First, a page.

Night Editor (1946) Henry Levin

This review Contains Spoilers

“Night Editor”, a low-budget 1946 Columbia release, contains some of the most immoral characters put on celluloid. Originally a radio program which ran from 1934 to 1948, the script was written by Hal Smith based on a radio episode called “Inside Story.” It was directed by the vanilla flavored Henry Levin (“The Corpse Came C.O.D.,” “The Man From Colorado,” “April Love,” “If A Man Answers”). The film recounts the story, in flashback during a late night poker game with a group of newspapermen. Tony Cochrane (William Gargan) a police detective and philanderer currently hooked on Jill Merrill (Janis Carter), a psycho-sexually disturbed society femme fatale with hooks the size of a crow bar. Jill is the character that stirs the drink and Tony is the main ingredient.

Tony feels guilty about cheating on his devoted wife (Jeff Donnell) and loving child but he’s a weak man and cannot stay away from the sizzling looking though emotionally cold as ice blonde fox, Jill Merrill. One evening while parked in a secluded area they witness the murder of a young woman beaten with a tire iron. Because of the secretive circumstances of who he was with, where and why, Tony does not to report the crime. Jill though is sexually turned on by the violent act they just witnessed. We watch her uncontrollably writhing in her seat demanding to see the dead woman’s battered body. “I want to look at her”! she demands.  Later Tony finds himself assigned to the investigation of the murder, and discovers an innocent man has been convicted of the crime and is about to be sent to his death. 

The film’s core is Janis Carter’s Jill Merrill who sizzles as the nasty, treacherous, cold hearted man-eater reaching a bizarre peak in sexual frenzy watching a sadistic murder. Her performance and role surpasses everyone else in the cast. Carter’s career never achieved the iconic status of other actresses known for trekking the world of noir like say, Audrey Totter or Jane Greer but here and in the following year’s film, “Framed”, and later in “The Woman on Pier 13” she proved herself to be as vicious and poisonous as some of the better known bad girls. Some other films she co-starred in include  “I Love Trouble,” “The Flying Leathernecks,” “Santa Fe,” “Miss Grant Takes Richmond,” “My Forbidden Past” and the Budd Boetticher directed “One Mysterious Night” a film in the Boston Blackie series.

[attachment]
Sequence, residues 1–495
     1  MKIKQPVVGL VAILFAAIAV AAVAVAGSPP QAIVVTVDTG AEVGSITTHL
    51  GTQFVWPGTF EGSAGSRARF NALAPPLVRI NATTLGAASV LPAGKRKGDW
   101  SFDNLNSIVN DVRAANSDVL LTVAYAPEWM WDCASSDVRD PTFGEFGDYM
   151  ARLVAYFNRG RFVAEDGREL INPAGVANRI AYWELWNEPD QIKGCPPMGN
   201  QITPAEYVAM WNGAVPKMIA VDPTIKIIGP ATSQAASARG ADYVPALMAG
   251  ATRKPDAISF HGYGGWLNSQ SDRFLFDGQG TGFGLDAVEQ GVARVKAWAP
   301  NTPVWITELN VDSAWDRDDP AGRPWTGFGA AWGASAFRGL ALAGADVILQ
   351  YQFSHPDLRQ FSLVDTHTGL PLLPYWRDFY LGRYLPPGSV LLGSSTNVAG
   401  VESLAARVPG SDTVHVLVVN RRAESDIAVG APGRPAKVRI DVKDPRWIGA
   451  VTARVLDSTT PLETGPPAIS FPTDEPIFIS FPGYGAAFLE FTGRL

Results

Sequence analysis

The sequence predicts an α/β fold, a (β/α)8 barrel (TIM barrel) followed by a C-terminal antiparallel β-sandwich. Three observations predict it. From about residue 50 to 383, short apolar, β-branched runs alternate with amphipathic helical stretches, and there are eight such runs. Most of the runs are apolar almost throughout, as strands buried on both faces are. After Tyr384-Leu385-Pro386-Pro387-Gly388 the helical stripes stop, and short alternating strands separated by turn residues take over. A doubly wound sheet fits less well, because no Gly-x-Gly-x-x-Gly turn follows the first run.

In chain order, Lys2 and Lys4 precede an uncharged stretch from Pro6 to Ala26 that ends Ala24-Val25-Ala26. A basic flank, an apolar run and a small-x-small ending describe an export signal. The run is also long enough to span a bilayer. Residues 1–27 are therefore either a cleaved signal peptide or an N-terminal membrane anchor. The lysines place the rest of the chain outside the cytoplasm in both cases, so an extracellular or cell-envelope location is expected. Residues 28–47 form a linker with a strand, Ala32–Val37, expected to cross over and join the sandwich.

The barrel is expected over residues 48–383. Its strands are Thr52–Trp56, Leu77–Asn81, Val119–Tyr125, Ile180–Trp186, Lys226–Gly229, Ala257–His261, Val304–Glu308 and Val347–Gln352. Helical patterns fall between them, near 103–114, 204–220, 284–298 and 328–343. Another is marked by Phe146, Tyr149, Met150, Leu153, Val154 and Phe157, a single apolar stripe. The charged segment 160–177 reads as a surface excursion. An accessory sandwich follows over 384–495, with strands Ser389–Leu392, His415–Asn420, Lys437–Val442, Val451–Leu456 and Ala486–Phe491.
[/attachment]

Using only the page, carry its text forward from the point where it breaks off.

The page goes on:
William Gargan as Tony Cochrane is your typical noir chump, stuck on a dame who leads him down a doomed path. Gargan plays his role low key almost as if by design knowing he cannot compete with Carter’s brazen performance. It works well especially toward the film’s conclusion where once again Jill attempts to entice and seduce her male victim only to double cross him once more with an ice pick in his back.

The film’s dark despairing sleazy look must be credited to cinematographers Burnett Guffey (“My Name is Julia Ross,” “Knock on Any Door,” “From Here to Eternity” and “Bonnie and Clyde”) and Philip Tannura who keep the film claustrophobic and visually tight.

No one will mistake this film for a grade “A” production. The flashback story device is pretty weak. Despite coming from Columbia’s bargain basement, “Night Editor” remains a treasure among minor noirs with an outstanding deliciously deceitful performance by Janis Carter that you will soon not forget.


7 comments on “Night Editor (1946) Henry Levin

  1. I can’t explain my objections to the framing device, particularly the back end, without spoiling the film further, but it really annoyed me. The core of the film was just as noirish as you describe, but the framing device, though it starts out promisingly, ends up like a bubble-gum wrapper.


    • John Greco says:

      Exactly, the ending I assume is supposed to “explain” a lot but I just saw it as a little too much corn. It does not, for me, in any way ruin the film but I think it would have been a tighter work without any framing device at all.


  2. Sam Juliano says:

    “The film’s core is Janis Carter’s Jill Merrill who sizzles as the nasty, treacherous, cold hearted man-eater reaching a bizarre peak in sexual frenzy watching a sadistic murder. Her performance and role surpasses everyone else in the cast.”

    Positively John! She’s no Jane Greer for sure in every sense, but she’s an under-appreciated thespian, who delivers big-time in this film, (which is the best in the “Bad Girls of Film Noir” collections on DVD. Guffey and Tannura are indeed major contributors here!


    • John Greco says:

      Other than the framing devise used to open and close the film this is a memorable film noir. One to rewatch. Thanks again Sam for you contribution!


  3. Judy says:

    I have to say this sounds pretty interesting – newspaper films always intrigue me, so I will keep an eye open for this one!


    • John Greco says:

      Hey Judy,

      Not really too much of a newspaper film except for the opening and closing scenes but this is a good film noir. If you get the chance I think you would like it.


  4. […] The ever-prolific and diverse John Greco continues to demonstrate why Twenty-Four Frames is a delight for cineastes.  His latest essay considers Henry Levin’s 1946 Night Editor: […]


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